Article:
Director’s Duties – Duty to Avoid Conflicts of Interest

Date: May 05, 2014
Document Type: Article

As a director of a company, you have many duties and obligations arising from common law and statute. It is important to be aware of these duties regardless of how large the company is or the extent of your involvement in the company.

The main duties of a director include:
  • Duty to act in good faith
  • Duty of care, diligence and skill
  • Duty to avoid conflicts of interest
  • Duty not to improperly use your position or information
  • Duty not to trade whilst insolvent

Failing to be aware of the existence and extent of these duties can get you into serious trouble with, amonst others, ASIC and can cause significant personal liabilities.

This article addresses the duty to avoid conflicts of interest. Other articles on this website will address other duties.

Duty to Avoid Conflicts of Interest

As a director you have a duty to avoid situations where there is a real possibility of conflict between your personal interests and the company’s interests. This complements the duty of good faith to prioritise the interests of the company.

Conflicts of interest can arise when a company is considering entering into a venture or contract with another company in which a director has a material personal interest.

Whether the interest is material is usually determined by examining whether there is a substantial likelihood  that the interest would affect the impartiality or independence of your judgment.

What do I have to do?

If you have another interest or duty and there is a real possibility of conflict or the appearance of conflict, you should seek legal advice before you act. 

The duty is ‘strict’, which means it doesn’t matter if you intended to profit from the conflict or not; the fact there has been a conflict is enough to constitute a breach.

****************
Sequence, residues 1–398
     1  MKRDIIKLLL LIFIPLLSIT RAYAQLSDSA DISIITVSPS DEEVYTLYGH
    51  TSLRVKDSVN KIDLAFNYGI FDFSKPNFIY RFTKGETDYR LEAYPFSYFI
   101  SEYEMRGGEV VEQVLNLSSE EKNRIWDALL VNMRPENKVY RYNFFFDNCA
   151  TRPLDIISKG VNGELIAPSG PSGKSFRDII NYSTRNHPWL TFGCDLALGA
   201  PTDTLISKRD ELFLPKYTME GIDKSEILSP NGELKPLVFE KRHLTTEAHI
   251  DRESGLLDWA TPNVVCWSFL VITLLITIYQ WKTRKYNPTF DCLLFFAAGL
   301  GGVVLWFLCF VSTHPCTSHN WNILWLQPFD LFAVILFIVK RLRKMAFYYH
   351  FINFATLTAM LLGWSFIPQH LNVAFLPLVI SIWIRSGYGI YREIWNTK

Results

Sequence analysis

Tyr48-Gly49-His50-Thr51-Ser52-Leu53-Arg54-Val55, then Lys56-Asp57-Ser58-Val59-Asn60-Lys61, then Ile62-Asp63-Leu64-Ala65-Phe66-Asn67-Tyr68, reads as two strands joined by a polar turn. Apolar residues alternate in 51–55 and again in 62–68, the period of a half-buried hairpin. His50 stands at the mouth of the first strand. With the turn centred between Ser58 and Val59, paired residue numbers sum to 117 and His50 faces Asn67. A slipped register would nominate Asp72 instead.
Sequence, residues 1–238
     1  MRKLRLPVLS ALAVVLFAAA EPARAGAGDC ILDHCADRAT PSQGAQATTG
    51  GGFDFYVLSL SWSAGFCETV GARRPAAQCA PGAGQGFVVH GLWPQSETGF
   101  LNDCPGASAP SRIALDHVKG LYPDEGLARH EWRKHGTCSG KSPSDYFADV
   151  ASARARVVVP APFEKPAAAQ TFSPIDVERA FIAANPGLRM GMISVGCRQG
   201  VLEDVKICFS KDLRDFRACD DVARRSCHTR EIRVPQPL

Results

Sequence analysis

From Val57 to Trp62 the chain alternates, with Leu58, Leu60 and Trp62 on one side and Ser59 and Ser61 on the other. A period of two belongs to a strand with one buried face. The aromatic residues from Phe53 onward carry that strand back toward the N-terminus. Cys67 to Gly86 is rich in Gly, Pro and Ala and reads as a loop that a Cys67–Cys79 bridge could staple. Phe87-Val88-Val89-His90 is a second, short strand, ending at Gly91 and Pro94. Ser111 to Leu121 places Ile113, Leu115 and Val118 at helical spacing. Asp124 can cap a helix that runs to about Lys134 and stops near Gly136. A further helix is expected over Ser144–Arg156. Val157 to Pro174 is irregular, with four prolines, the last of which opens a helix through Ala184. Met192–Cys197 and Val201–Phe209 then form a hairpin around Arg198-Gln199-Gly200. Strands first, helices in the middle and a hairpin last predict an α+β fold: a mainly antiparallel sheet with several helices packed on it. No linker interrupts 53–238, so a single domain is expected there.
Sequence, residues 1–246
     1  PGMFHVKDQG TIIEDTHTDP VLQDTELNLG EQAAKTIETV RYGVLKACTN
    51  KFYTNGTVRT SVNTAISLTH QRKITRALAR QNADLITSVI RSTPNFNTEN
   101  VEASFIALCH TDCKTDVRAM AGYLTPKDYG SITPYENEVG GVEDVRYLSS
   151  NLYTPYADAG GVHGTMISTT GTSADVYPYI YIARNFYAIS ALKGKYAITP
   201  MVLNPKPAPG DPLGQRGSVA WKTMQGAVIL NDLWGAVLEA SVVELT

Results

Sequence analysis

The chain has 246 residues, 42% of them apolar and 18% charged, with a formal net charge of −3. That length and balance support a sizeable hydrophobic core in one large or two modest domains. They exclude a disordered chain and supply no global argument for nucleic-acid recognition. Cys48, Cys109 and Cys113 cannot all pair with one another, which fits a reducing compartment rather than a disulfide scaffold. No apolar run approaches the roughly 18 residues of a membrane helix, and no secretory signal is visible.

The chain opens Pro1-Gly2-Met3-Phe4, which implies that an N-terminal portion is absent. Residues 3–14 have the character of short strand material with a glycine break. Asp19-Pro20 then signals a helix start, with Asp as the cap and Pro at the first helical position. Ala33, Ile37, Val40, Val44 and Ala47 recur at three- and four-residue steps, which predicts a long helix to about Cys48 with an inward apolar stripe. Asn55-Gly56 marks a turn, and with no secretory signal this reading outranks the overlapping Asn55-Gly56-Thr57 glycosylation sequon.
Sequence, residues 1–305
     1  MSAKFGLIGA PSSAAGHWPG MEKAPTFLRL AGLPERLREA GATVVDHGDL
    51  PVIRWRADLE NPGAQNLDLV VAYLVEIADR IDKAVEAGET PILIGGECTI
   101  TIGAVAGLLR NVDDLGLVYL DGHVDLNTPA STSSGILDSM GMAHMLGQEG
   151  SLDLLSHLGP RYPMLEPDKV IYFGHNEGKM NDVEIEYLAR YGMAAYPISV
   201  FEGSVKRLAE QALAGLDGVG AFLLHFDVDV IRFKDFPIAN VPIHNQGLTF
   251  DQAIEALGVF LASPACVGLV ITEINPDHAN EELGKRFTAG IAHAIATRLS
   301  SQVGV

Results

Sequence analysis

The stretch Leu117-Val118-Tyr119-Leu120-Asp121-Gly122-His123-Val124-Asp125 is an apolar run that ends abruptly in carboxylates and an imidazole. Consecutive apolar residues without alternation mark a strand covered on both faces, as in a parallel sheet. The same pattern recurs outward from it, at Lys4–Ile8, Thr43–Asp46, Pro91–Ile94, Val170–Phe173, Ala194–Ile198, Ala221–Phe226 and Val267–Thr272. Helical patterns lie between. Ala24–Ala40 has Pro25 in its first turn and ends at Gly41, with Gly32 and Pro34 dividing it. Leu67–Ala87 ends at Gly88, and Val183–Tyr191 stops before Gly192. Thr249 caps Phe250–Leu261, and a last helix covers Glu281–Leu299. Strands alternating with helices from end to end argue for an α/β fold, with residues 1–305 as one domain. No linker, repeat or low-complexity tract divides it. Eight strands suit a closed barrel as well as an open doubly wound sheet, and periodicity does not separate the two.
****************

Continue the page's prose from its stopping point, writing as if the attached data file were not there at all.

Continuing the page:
However, many companies attempt to limit this strict duty by having provisions in their constitutions which allow participation by a director who has a material personal interest, subject to certain conditions, such as full disclosure and board consent. Companies have different rules relating to conflicts so it is important to check your company’s constitution and seek legal advice if you think that a conflict exists.

What happens if I breach this duty?

If you breach the strict duty or you have failed to fulfil the conditions required by your company’s constitution, under certain circumstances the company might try to treat the transaction as void , and the law permits this in certain circumstances. Clearly if third parties suffer loss, serious consequences can ensue for the company. If the company honours the transaction, you could be required to pay the company any profits earned from the conflicted venture.

You cannot assume your personal interests won’t matter because you aren’t involved in the day-to-day running of the company. You should protect yourself by disclosing the extent of any potential conflicts to your board members as soon as possible, regardless of how minor they may seem.

If you need advice, please phone us.
Applying for Business Loans
Date: Sep 02, 2010
Australian Consumer Law
Date: Apr 01, 2011
Being Sued
Date: Nov 02, 2010
Closing your Company
Date: Feb 02, 2010
Consideration in contract law
Date: Jun 10, 2015
Contract: the rules of the game
Date: Jun 15, 2015
Goods Shipping and the Law
Date: Oct 01, 2012
Insurance Basics
Date: Feb 03, 2011
Is your business True Blue?
Date: Sep 02, 2009
PPSA Protection and Perfection
Date: May 25, 2015
Security for Costs
Date: Aug 08, 2010
Social Media and your Employees
Date: Apr 03, 2010
Social Networking in Business
Date: Jul 05, 2011
Tax Time Record Keeping
Date: Aug 03, 2010
Trusts and family law disputes
Date: Jul 06, 2015
What is a guarantee?
Date: Nov 10, 2014
What is consideration?
Date: Sep 14, 2014
When should a warning be given?
Date: Sep 14, 2014
Why Choose Bankruptcy?
Date: Dec 14, 2007
Working with Contracts
Date: Mar 02, 2011
Back to Publication List